Tunisia's President Kais Saied said on Monday that he is going to introduce a new election law and that he has drawn up transitional laws while emergency measures remain in place.
"Transitional provisions have been put in place, and a prime minister will be appointed, and they will be transitional provisions that respond to your will," he explained in an address to the people of Tunisia. "A new draft electoral law will be drawn up."
Saied insisted that what he proposes is "at the heart of the constitution" and his critics "cannot say" that it is a coup. "How can it be a coup when it is done via the constitution and the text of the constitution?"
Tunisians have been waiting for weeks for Saied's decision regarding the suspension of parliament and the current constitution amid expectations of political reforms involving the system of governance. The president has the right to impose "emergency measures" only if there is an "imminent danger" to the state. That is what he cited when he took such steps in July.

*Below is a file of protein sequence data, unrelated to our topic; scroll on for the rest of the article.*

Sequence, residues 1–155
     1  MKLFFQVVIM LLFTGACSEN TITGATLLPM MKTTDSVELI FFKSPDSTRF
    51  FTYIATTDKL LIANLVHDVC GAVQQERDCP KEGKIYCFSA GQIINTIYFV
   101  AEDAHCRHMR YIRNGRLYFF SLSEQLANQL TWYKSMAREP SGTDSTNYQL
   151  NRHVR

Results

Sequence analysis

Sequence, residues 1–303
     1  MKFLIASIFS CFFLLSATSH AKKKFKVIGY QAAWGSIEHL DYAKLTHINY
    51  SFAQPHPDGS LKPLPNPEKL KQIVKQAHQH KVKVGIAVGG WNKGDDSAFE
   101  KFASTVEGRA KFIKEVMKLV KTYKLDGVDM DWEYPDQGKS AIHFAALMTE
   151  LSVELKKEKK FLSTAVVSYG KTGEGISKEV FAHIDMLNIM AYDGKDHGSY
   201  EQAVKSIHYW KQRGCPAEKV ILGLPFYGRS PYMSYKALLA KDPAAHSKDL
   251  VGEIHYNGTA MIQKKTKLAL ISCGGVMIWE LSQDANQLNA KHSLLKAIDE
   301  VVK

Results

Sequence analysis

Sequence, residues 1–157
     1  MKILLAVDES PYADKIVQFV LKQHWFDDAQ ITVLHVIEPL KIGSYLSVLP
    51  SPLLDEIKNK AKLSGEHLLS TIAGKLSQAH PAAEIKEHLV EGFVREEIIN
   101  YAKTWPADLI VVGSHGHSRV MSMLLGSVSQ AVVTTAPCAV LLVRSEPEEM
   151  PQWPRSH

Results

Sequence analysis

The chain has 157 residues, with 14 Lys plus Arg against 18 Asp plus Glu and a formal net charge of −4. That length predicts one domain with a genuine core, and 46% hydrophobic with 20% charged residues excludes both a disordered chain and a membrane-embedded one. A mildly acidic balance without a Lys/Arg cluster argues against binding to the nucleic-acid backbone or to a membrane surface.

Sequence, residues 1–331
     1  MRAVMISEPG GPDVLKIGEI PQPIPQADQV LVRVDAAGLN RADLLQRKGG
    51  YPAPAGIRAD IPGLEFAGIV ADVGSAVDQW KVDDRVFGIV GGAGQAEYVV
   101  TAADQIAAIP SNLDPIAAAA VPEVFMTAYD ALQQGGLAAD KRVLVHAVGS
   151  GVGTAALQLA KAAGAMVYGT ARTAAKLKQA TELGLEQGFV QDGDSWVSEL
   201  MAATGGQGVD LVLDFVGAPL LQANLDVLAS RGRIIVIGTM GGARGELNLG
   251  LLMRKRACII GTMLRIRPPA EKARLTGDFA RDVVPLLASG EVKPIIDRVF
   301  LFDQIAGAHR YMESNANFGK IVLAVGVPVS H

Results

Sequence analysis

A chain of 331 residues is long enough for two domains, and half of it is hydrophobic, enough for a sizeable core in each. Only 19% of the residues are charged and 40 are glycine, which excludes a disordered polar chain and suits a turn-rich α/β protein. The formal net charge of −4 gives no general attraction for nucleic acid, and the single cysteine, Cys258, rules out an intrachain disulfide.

Now, the transitional laws that President Saied referred to in his speech suggest a possible repeal of the current constitution. Opposition parties, especially Ennahda Movement, reject any changes to the 2014 constitution. The Tunisian General Labour Union (UGTT) has demanded dialogue before any changes are introduced.
Saied did not present anything new today but pledged to reveal the facts and not take any retrograde steps. He said that he has to act with discretion at this time. Reiterating that "sovereignty is for the people" he made veiled accusations about his opponents sowing discord after last Saturday's protests against his special measures.